Outcomes of Surgical Resection after Radioembolization for Hepatocellular Carcinoma
The study population was made of 94% CP A and 77% BCLC Stage A disease. Technique of TARE was either lobar at a median dose of 128 Gy or segmental ablative at a medium dose of 254 Gy. 27/31 patients had a single treatment. There were no radiation-induced complications.
In addition to surgical outcomes, the authors looked extensively at the future liver remnant (FLR) following Y-90 therapy, as 25/31 patients underwent a major hepatic resection. FLR was calculated from the pre-TARE to the pre-surgical imaging. FLR increased significantly from 35% to 45% in those who received lobar Y-90 (20/25) and from 32% to 34% in those who received segmentectomy (5/25).
EASL response rates after TARE were evaluated. Stable disease was present in 39%, partial response 29%, and complete response 29%. Surgical resection after TARE occurred a median of 2.9 months after initial therapy. 24/31 patients had > 90% necrosis based on pathologic specimens.
In follow-up, 9/31 patients developed either a systemic or liver recurrence (all of whom had primary tumors > 5 cm), preferentially so in those who were EASL stable disease or had less pathologic necrosis. These findings yielded hazard ratios to develop recurrence for EASL responders of 0.18 (CI 0.5-0.7) and for 50-99% pathologic necrosis patients of 0.12 (CI 0.02-0.6). Median time to recurrence was 34 months. Median survival time was 96% at 1 and 2 years in the setting of a median follow-up time of 13 months.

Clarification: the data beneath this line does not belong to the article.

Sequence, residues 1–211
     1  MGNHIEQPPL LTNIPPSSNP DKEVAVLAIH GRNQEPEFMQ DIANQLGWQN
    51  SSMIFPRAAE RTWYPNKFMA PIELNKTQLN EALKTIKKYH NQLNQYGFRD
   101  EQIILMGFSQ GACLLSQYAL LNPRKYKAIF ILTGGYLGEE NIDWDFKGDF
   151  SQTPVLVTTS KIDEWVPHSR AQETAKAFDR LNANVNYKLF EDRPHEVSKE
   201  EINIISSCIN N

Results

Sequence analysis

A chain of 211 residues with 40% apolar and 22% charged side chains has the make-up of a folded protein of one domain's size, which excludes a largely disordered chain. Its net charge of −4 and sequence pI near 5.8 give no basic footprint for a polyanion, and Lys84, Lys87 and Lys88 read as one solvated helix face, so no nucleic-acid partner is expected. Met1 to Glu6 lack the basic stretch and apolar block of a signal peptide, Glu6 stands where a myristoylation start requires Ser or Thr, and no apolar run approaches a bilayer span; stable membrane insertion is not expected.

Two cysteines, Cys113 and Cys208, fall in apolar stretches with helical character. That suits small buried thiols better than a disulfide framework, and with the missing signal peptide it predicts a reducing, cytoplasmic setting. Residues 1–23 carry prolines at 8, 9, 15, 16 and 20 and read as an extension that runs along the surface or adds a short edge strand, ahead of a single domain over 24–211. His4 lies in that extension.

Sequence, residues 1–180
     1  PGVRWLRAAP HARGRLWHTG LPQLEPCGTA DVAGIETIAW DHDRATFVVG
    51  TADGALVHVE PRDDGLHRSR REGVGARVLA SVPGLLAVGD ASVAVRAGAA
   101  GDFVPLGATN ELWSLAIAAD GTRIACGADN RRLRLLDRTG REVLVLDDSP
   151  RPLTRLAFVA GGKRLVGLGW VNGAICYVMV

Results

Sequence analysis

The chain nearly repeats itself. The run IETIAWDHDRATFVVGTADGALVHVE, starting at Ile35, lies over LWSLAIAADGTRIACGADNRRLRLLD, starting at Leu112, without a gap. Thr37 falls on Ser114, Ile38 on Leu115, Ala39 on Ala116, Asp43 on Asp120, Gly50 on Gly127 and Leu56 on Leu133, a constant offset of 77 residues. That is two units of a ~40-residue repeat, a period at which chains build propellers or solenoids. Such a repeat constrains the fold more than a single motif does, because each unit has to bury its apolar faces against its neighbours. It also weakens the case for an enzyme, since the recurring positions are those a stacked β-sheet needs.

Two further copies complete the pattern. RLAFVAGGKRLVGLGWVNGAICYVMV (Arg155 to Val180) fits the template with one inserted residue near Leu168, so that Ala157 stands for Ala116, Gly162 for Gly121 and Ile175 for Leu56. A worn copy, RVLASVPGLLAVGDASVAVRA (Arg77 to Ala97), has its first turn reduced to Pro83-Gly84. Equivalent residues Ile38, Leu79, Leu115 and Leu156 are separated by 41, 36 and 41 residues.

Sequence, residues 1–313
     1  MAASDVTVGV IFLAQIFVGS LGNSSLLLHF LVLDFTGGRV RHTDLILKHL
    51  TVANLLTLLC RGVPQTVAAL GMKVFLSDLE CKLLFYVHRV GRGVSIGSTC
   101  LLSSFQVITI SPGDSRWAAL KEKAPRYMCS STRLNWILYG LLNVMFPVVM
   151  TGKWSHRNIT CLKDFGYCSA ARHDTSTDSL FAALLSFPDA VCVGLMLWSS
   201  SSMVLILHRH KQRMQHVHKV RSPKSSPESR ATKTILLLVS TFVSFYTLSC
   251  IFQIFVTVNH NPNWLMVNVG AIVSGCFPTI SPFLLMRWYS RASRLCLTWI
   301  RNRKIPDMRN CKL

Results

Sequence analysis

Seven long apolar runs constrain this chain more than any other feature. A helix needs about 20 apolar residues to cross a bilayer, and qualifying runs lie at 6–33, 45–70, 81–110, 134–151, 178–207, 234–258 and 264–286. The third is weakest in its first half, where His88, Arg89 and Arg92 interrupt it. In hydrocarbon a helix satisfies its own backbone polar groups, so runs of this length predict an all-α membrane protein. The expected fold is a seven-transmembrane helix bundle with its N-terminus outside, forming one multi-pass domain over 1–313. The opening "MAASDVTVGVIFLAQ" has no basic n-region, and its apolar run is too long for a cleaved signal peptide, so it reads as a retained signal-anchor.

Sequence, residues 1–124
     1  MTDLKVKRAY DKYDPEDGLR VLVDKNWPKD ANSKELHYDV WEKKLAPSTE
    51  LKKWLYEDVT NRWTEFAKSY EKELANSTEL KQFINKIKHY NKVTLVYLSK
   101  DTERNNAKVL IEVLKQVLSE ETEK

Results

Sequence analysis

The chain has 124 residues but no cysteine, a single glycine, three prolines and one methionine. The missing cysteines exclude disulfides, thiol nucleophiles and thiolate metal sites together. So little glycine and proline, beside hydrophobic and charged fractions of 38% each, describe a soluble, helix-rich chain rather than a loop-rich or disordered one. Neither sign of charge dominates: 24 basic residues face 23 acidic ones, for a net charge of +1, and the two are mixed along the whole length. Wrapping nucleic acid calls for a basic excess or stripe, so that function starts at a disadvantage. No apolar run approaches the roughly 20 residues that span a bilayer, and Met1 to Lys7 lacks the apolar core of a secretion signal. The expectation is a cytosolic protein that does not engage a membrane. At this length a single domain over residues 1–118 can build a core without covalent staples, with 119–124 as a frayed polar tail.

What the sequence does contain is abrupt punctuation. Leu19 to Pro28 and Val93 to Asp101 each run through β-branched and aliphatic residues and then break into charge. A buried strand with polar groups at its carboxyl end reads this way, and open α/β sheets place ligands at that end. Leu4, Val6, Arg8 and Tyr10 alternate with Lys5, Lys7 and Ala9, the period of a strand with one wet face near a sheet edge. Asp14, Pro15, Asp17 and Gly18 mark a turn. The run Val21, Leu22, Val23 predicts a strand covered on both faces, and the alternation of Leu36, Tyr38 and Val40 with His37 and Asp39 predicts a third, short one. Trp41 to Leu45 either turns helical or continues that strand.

From a large number of TARE patients, this study was able to parse out a subset who underwent both TARE and subsequent surgical resection. The authors successfully demonstrate acceptable outcomes of surgical resection in the setting of prior radioembolization. They also effectively elucidate that response after Y-90 therapy by both imaging and pathologic criteria is a harbinger of future risk of recurrence after surgery.
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Gabr A, Abouchaleh N, Ali R, et al. Outcomes of surgical resection after radioembolization for hepatocellular carcinoma. J Vasc Interv Radiol. 2018; 29(11): 1502-1510.
Daniel P. Sheeran, MD
Department of Radiology and Medical Imaging
Division of Vascular and Interventional Radiology
University of Virginia